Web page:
Catholic Church Pitches in to Relieve Families in Cash-Strapped Greece

A new program from Caritas aims to help families with basic food needs and assistance in medical and utilities bills.

Caritas Hellas provides meals for cash-strapped Greek families and refugees from other countries. Below, graffiti mocking President Prokopis Pavlopoulos and German Chancellor Angela Merkel reflects the atmosphere of economic unease in Greece.
Caritas Hellas provides meals for cash-strapped Greek families and refugees from other countries. Below, graffiti mocking President Prokopis Pavlopoulos and German Chancellor Angela Merkel reflects the atmosphere of economic unease in Greece. (photo: Caritas Hellas; below, CNA/Flickr (CC BY-NC-SA 2.0))

ATHENS, Greece — As Greece’s financial and political situation reaches a fever pitch in complexity, Caritas has stepped up and is offering help to the growing number of poor and migrants inhabiting the country.

“Here everything is blocked; everything is difficult. There isn’t work; there isn’t anything. Also, Greeks are looking for work; everyone is. It’s a very, very difficult situation,” Father Andrea Voutsinos told CNA Aug. 5.

Father Voutsinos is the director of Caritas Greece, which is part of the regional Caritas Europe branch and the wider, all-encompassing Caritas Internationalis.

In a July 5 referendum, Greek citizens voted heavily against Europe’s latest bailout offer, after the country failed to repay creditors large amounts of their more than $300-billion debt. The vote raised concerns that the country could suffer a worse economic disaster and lose its place in the Eurozone, the monetary union consisting of 19 member states of the European Union.

Greece has been in financial crisis for years. Economically the weakest nation in the Eurozone, it was hit hard during the 2008 global financial crisis. Beginning in 2010, it began receiving financial bailouts, on the condition that it adopt austerity measures, such as pension cuts, tax hikes and public-sector layoffs.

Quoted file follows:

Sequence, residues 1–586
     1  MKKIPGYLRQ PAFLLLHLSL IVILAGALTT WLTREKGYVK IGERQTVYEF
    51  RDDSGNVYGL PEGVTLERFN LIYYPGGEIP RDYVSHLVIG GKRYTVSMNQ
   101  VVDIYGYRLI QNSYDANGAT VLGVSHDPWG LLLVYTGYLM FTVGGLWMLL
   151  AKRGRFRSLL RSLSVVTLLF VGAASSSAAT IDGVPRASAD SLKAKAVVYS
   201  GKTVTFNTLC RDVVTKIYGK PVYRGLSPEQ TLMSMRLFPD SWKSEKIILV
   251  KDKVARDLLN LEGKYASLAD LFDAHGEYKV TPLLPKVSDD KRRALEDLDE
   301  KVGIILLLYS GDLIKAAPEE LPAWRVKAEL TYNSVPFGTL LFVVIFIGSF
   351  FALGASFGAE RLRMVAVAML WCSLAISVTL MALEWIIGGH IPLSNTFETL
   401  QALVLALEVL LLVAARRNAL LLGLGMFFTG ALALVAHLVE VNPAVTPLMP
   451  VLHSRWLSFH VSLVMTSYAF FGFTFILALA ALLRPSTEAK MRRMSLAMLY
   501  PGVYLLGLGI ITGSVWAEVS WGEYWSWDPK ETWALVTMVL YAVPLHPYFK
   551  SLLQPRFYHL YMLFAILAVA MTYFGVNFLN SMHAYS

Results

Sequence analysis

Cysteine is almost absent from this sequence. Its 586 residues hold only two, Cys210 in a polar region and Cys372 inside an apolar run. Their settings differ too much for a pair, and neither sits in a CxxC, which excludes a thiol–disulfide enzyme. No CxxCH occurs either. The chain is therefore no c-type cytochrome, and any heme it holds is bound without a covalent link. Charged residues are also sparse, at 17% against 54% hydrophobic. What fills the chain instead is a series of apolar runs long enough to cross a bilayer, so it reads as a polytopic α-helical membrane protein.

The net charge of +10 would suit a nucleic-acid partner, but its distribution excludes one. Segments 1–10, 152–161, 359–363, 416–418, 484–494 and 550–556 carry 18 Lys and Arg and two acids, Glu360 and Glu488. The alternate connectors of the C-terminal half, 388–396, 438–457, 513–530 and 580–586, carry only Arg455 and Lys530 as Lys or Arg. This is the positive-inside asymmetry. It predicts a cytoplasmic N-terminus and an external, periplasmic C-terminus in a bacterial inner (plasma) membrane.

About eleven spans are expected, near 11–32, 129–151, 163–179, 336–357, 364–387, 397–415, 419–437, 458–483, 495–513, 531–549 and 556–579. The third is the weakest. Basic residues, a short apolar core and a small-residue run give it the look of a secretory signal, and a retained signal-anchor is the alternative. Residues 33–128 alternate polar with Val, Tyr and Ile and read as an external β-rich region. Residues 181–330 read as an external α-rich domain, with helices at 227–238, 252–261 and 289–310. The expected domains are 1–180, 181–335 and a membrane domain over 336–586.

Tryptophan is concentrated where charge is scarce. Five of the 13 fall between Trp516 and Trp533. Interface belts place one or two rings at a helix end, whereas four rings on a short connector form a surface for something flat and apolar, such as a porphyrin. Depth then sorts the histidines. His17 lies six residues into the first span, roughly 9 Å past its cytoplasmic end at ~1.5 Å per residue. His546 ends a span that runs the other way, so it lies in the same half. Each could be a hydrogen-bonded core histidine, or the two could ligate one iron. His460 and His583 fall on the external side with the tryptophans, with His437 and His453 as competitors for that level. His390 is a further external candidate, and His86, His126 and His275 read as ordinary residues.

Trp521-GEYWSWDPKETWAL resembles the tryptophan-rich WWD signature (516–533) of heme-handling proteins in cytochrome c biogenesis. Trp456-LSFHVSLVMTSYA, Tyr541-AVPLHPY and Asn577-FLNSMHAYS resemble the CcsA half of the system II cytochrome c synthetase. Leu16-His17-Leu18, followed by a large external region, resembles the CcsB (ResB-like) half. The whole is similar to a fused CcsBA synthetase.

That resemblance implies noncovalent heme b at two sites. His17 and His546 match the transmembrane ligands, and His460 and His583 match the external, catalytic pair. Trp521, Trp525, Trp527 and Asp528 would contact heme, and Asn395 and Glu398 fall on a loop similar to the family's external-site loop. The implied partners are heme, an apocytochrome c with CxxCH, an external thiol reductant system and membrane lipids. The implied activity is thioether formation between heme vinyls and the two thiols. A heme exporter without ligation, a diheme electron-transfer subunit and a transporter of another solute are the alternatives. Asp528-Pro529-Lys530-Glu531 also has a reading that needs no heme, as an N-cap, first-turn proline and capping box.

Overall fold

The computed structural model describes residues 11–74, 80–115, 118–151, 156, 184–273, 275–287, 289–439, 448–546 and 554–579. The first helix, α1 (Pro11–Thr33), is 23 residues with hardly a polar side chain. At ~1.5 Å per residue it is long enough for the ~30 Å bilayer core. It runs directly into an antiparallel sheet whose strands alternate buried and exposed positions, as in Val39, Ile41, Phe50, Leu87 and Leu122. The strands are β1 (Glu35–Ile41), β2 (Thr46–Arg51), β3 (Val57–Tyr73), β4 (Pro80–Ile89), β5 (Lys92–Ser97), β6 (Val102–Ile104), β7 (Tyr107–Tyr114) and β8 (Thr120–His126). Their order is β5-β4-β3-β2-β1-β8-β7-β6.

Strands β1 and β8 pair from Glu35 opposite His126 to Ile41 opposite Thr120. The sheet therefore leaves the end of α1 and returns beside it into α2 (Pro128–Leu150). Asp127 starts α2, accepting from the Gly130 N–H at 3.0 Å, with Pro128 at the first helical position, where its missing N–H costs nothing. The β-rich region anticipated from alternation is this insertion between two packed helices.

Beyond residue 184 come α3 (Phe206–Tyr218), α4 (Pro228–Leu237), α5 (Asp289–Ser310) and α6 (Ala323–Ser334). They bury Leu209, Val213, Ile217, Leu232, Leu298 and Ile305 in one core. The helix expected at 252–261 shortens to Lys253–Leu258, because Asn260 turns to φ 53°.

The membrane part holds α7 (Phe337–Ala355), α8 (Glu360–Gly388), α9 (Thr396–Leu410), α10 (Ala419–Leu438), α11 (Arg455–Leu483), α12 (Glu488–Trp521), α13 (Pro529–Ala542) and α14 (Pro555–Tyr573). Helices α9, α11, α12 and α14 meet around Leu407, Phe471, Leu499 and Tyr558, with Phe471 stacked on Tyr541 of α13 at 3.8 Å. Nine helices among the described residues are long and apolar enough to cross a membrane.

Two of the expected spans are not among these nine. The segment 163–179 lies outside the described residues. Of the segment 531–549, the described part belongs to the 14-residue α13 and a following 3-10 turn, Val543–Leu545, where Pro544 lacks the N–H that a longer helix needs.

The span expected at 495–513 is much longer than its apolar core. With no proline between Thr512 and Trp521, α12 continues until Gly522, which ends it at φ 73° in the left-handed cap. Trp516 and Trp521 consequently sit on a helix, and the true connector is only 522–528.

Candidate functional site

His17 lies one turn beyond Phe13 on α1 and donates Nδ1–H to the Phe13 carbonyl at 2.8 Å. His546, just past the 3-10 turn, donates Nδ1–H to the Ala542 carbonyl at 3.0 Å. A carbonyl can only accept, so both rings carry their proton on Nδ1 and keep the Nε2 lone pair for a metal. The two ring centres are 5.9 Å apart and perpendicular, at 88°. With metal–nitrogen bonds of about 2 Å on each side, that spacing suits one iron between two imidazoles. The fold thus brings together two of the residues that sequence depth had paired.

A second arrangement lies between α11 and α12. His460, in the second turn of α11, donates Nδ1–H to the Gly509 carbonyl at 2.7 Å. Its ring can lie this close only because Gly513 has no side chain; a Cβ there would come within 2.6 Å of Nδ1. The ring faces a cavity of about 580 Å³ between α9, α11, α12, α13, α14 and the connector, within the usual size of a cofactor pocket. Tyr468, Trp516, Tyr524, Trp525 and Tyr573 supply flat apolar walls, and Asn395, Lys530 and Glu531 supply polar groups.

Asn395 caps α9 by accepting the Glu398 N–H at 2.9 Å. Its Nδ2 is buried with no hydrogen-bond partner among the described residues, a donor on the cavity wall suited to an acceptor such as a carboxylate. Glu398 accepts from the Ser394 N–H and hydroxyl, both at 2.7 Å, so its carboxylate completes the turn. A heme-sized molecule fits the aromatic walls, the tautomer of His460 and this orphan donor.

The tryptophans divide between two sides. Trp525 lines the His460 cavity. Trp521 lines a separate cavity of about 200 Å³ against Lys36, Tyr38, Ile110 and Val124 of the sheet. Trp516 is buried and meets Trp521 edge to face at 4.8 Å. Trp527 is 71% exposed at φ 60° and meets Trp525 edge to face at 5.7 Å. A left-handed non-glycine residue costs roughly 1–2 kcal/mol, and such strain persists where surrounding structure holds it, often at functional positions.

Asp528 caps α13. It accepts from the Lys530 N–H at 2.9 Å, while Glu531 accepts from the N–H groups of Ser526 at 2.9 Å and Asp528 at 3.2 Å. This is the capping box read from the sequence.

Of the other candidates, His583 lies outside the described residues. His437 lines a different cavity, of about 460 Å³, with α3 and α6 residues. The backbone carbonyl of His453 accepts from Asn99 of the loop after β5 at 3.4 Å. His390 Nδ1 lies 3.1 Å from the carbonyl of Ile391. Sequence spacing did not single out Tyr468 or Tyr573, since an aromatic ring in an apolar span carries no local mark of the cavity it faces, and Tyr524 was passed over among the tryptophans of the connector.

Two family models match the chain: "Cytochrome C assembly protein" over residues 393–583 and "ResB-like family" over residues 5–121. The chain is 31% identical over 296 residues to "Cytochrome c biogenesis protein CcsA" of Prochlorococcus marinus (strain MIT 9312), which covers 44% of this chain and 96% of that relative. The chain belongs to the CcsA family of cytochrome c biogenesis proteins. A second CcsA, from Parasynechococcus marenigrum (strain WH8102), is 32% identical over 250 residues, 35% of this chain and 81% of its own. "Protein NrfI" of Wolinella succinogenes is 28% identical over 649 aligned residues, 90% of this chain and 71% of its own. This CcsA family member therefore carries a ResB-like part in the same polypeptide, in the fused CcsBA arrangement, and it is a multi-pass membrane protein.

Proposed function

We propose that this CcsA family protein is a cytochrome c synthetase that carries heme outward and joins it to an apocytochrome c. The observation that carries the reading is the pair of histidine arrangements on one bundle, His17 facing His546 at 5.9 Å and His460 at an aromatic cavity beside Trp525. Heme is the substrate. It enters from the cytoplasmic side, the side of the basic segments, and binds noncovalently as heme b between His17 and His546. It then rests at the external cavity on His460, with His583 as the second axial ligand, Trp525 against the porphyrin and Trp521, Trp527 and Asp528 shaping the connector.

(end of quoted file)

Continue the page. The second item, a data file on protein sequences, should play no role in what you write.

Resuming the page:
These austerity measures were a primary motivation in the negative referendum vote, which has left Greece with an increasingly uncertain future.

Unemployment in Greece is currently 25%, and individuals are unable to withdraw more than $70 a day from ATMs.

Amid the country’s ongoing dilemma, including a rising number of needy families and a growing number of refugees flooding in from the Middle East, Caritas Greece has been expanding initiatives to assist more people.

The organization recently launched a new program called “Estia,” aimed at reaching out to families who have nothing, Father Voutsinos explained.

In addition to helping families with basic food needs, Caritas also offers assistance in paying for bills and medical insurance, since in Greece you can’t be admitted to the hospital unless you pay, the priest said.

“If they don’t have any work, they can’t bring anything home to live on. We are sending help daily,” he noted, including funds for electric, gas and water bills.

Caritas Greece also runs a large daily soup kitchen, this year feeding nearly 300 extra mouths, including several who are elderly.

However, the country’s growing number of poor is “only half the concern,” Father Voutsinos said, explaining that there is also an increasing worry over what to do with the number of refugees who enter Greece’s southeastern islands from Turkey, making their way to Athens and beyond.




More than 90,000 refugees have entered Greece so far this year, most of them from the Middle East, the priest said, and he expects to see even more of an increase before the end of the year. Among those who come are many from Syria, Pakistan and Afghanistan.

“Every day more arrive from Turkey, because it’s so close,” he said. With nowhere to go, the refugees often make their way to Athens and sleep on the streets or in parks.

“There is great poverty, because the people don’t have the possibility to buy what’s necessary to eat.” So Caritas tries to help feed them, he said.

In addition to their other initiatives, the charitable organization also has a special project for Syrians who come to Greece, helping them integrate as well as offering meals through the soup kitchen, assisted by the Missionaries of Charity.

The refugees who come “are looking for a better world,” the priest said, “but when they enter, it’s not a better world.”

Despite the various projects Caritas is involved in, Catholics in Greece are a minority, making it difficult to raise the necessary funds in order to meet the country’s rising needs.

With the dominating religion being the Greek Orthodox practice, only 200,000-300,000 Catholics live in the country, “but by now also the Greek Catholics have lost work. They also ask us for help, but we don’t always have the money because we also have to sustain the parishes,” Father Voutsinos said.

As a result, the Caritas branches of Europe, Italy, Latin America and North America have all donated to the Greek branch in order to ensure they have enough funds to continue assisting the needy community.

Pope Francis recently offered his solidarity with Greece ahead of the country’s July referendum, calling for prayer and an attention to human dignity when entering into political debate.

“The news from Greece regarding the economic and social situation of the country is worrying,” Vatican press director Father Federico Lombardi said in a July 1 statement on behalf of Pope Francis. The Pope, he said, “invites all the faithful to unite in prayer for the good of the beloved Greek people.”

Father Voutsinos said that the Pope’s words were a consolation for them, but that difficulty remains, and “everyone is a little afraid for the future.”